The Predators had Jones fall into their lap at fourth overall, and David Poile had this to say at the time:
“I wish I wouldn’t have to say, ‘I can’t believe the player was there,’ but we had Seth Jones rated No. 1. We think he is just a terrific player,” Poile said. “This is a franchise-type player. … Seth Jones to us has been the best player, but we’ll see. We all know how it goes with the draft and we won’t know for several years, but this feels real good.”David Poile at the 2013 Draft.
Though they weren’t expecting to select a defenseman, the Predators drafted the best player available. From there, sometimes things sort themselves out, and after two-and-a-half seasons of bringing Jones along behind a glut of other star defensemen, he was moved for the center that the team desperately needed. In January of 2016, Jones was traded to the Columbus Blue Jackets for a then-disgruntled Johansen. The young center became a focal point of the Predators’ offense and was a catalyst in their run to the 2017 Stanley Cup Final. Had he not been injured, perhaps the result of that series would have been different.
Unfortunately, on the Columbus end, Seth Jones has recently stated that he does not want to re-sign with the team when his current contract expires in the summer of 2022. Jones may look to hit free agency at that point and could find his worth be worth upwards of $10 million per season on the open market; not bad for a former fourth overall pick.
Middle Rounds (3rd-5th)
Round 3, 64th Overall – Jonathan-Ismael Diaby, D (Victoriaville Tigres, QMJHL)
With their second selection of the draft, the Predators again tabbed a young and sizeable defenseman in Diaby. He was viewed as a bit more of a long-term project and a player that would be tough to play against in a shutdown role. As is the case with many players drafted based on size, there isn’t the upside for these players to end up making the NHL, and Diaby was not the exception. He graduated to the AHL in 2014 and played 52 games that year for the Milwaukee Admirals, notching two points and 94 PIMs. After that, he bounced between the AHL and ECHL for a few years and played his last pro hockey in 2017.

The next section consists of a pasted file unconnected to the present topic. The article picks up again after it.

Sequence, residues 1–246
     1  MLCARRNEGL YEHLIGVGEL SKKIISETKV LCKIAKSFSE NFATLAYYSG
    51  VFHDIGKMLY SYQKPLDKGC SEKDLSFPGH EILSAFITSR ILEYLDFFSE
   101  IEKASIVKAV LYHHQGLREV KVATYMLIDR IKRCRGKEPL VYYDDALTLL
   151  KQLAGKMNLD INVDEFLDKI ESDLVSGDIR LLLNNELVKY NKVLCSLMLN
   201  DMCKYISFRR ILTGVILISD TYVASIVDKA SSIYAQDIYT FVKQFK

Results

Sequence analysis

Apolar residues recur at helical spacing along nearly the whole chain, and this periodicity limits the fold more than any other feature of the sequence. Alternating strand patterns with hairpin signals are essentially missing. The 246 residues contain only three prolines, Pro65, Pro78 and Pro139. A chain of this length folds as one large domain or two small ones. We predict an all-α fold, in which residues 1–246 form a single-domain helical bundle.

Round 4, 95th Overall – Felix Girard, C (Baie-Comeau Drakkar, QMJHL)
Girard was a lower upside player that worked hard and was drafted due to a point-per-game season his third year in the QMJHL. Unfortunately, that was his peak, and the energy forward saw a drop in his point totals the next year (though he did double his PIMs). From there, he stepped into the AHL and played a middle role for the Admirals before bouncing around to a few other AHL teams and even landing in the ECHL for a few games before leaving overseas.